10 Times Our Fave Ballet Dancers Made Turning Actually Look Easy
At this point, you'd think we'd all be used to the level of technical absurdity Daniil Simkin achieves when he's playing around in the studio. But then he did this:
...and now we're low-key appalled in the absolute best way.
After we picked our jaws up from the floor, we were inspired to dig up clips of some of our other favorite dancers turning like it's no big deal. Here are just a few standouts.
Derek Dunn's en dehors pirouettes in back attitude are okay, we guess.
Going from triple fouettés to pulling in for six is just another day at the office for Isabella Boylston.
Maria Kochetkova makes the deceptively simple arabesque turns from the Kingdom of the Shades act look like, well, a dream.
An oldie but a goodie: Ashley Bouder was still knocking out super clean fouetté turns while very pregnant.
In case you were worried, Aran Bell didn't lose his mad turning chops between his "First Position" days and now.
When you're Daniel Ulbricht, you celebrate making it through airport security with quad pirouettes.
All hail Queen Marianela Nuñez, who could probably have a nice cup of afternoon tea while nailing the Black Swan variation.
Honestly, we've never seen a video of Gillian Murphy turning that we didn't love.
If we accidentally did 11 pirouettes, we'd probably react just like Adiarys Almeida does here.
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Alicia has died. I walked around my apartment feeling her spirit, but knowing something had changed utterly.
My father, the late conductor Benjamin Steinberg, was the first music director of the Ballet de Cuba, as it was called then. I grew up in Vedado on la Calle 1ra y doce in a building called Vista al Mar. My family lived there from 1959 to 1963. My days were filled with watching Alicia teach class, rehearse and dance. She was everything: hilarious, serious, dramatic, passionate and elegiac. You lost yourself and found yourself when you loved her.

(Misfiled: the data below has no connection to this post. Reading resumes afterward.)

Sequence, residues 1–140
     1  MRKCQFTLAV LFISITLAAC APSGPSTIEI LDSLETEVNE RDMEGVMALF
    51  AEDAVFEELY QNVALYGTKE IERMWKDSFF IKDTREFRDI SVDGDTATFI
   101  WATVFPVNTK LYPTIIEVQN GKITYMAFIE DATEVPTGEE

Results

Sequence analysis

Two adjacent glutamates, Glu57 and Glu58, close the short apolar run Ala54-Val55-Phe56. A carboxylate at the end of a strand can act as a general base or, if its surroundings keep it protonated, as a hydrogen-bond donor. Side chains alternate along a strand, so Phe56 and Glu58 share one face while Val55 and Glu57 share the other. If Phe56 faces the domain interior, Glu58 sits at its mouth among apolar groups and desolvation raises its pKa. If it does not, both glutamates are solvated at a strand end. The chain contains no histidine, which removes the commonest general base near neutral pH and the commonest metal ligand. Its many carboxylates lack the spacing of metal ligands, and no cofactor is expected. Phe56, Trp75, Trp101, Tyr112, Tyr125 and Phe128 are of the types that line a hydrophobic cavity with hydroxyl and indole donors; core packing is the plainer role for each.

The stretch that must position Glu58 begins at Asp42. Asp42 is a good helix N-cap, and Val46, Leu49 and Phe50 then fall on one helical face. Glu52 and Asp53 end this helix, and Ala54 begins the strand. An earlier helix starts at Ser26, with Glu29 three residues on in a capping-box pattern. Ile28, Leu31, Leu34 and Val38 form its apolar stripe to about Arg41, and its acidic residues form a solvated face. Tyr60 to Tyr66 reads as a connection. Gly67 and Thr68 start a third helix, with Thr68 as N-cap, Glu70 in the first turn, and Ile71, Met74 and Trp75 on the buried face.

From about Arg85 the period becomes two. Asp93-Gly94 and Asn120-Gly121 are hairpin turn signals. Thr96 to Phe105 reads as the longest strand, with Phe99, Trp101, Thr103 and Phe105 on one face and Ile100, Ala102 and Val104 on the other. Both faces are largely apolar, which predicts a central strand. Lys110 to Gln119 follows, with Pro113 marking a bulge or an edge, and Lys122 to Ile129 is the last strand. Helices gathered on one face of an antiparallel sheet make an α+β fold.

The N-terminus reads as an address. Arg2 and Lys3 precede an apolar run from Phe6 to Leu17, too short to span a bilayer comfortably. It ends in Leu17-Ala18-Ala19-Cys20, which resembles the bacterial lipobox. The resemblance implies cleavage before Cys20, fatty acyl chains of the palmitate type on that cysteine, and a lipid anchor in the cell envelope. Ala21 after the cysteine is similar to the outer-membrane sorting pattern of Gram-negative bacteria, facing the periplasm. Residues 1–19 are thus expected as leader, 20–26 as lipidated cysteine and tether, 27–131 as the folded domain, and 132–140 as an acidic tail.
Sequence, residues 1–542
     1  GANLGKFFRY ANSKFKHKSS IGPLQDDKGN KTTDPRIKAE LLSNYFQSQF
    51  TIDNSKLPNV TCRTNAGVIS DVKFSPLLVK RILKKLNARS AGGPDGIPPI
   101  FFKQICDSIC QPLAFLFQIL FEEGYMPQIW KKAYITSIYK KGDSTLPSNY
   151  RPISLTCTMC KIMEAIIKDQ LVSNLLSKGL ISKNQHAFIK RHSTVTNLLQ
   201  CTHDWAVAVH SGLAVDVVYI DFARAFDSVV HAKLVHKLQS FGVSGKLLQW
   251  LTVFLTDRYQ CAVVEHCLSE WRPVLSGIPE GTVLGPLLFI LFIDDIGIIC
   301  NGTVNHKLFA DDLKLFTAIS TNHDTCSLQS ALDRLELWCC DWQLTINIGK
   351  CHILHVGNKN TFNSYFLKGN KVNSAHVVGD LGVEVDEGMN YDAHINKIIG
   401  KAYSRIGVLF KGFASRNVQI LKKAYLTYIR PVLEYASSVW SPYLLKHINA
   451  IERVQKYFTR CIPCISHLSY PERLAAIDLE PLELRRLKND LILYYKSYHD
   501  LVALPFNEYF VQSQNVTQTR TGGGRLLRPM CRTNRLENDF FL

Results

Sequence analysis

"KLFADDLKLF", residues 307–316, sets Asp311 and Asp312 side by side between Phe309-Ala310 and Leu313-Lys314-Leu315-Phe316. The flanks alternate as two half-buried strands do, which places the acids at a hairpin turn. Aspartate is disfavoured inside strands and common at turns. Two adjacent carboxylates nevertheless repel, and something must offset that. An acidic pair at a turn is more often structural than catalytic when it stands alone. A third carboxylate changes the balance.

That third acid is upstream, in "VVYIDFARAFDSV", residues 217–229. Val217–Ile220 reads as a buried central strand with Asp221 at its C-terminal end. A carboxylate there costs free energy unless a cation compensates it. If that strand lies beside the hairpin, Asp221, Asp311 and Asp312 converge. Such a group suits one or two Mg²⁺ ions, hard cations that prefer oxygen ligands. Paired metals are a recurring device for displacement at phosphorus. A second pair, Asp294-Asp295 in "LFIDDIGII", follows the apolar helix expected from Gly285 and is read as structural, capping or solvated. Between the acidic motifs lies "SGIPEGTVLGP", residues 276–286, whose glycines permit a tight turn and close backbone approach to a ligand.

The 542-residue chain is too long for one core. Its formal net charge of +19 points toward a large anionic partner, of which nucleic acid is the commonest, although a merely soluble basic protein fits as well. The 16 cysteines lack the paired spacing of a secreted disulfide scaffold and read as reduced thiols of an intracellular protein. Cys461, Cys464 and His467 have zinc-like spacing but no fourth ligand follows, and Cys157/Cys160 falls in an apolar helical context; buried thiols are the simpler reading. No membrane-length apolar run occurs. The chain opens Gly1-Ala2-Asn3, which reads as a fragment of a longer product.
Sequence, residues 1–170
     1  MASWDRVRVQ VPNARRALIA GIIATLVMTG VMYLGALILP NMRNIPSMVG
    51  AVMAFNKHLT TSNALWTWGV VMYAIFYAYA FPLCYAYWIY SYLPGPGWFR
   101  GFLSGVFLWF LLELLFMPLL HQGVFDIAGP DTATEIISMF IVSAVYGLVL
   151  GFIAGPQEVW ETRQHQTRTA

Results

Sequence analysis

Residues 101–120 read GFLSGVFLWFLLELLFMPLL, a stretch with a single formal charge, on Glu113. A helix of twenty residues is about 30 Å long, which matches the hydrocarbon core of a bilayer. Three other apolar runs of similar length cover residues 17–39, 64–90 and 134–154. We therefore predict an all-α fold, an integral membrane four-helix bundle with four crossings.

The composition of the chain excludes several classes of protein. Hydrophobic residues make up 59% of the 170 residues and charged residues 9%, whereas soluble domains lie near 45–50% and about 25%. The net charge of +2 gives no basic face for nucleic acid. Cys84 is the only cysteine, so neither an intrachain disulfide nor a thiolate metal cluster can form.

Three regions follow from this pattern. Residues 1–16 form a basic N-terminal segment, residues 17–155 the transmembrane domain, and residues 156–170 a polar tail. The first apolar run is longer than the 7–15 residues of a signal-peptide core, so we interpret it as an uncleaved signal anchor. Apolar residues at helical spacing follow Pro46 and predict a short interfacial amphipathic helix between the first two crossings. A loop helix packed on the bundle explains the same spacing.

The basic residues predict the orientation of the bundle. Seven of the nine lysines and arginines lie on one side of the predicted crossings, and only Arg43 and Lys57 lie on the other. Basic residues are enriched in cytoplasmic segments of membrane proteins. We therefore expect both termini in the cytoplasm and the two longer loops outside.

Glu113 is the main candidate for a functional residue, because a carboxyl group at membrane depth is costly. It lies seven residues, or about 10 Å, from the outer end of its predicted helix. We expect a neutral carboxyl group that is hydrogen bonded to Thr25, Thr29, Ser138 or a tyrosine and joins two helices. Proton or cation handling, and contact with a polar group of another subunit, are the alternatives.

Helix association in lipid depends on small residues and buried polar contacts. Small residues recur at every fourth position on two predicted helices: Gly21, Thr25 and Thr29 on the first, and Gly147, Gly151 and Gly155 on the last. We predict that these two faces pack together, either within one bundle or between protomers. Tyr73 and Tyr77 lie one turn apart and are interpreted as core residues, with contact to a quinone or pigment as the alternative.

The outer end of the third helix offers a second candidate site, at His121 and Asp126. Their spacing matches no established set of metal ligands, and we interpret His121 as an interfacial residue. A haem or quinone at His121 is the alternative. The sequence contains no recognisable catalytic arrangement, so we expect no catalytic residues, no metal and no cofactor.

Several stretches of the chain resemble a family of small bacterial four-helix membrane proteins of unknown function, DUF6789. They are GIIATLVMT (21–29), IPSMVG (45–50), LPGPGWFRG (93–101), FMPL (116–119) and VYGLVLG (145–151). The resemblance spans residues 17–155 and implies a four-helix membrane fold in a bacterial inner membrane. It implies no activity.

"The show must go on" may be a platitude we use to get through everything from costume malfunctions to stormy moods. But when it came to overcoming a literal hurricane, Houston Ballet was buoyed by this mantra to go from devastated to dancing in a matter of weeks—with the help of Harlequin Floors, Houston Ballet's longstanding partner who sprang into action to build new floors in record time.
It's Nutcracker time again: the season of sweet delights and a sparkling good time—if we're able to ignore the sour taste left behind by the outdated racial stereotypes so often portrayed in the second act.
In 2017, as a result of a growing list of letters from audience members, to New York City Ballet's ballet master in chief Peter Martins reached out to us asking for assistance on how to modify the elements of Chinese caricature in George Balanchine's The Nutcracker. Following that conversation, we founded the Final Bow for Yellowface pledge that states, "I love ballet as an art form, and acknowledge that to achieve a diversity amongst our artists, audiences, donors, students, volunteers, and staff, I am committed to eliminating outdated and offensive stereotypes of Asians (Yellowface) on our stages."
An audience member once emailed Dallas choreographer Joshua L. Peugh, claiming his work was vulgar. It complained that he shouldn't be pushing his agenda. As the artistic director of Dark Circles Contemporary Dance, Peugh's recent choreography largely deals with LGBTQ issues.
"I got angry when I saw that email, wrote my angry response, deleted it, and then went back and explained to him that that's exactly why I should be making those works," says Peugh.
With the current political climate as polarized as it is, many artists today feel compelled to use their work to speak out on issues they care deeply about. But touring with a message is not for the faint of heart. From considerations about how to market the work to concerns about safety, touring to cities where, in general, that message may not be so welcome, requires companies to figure out how they'll respond to opposition.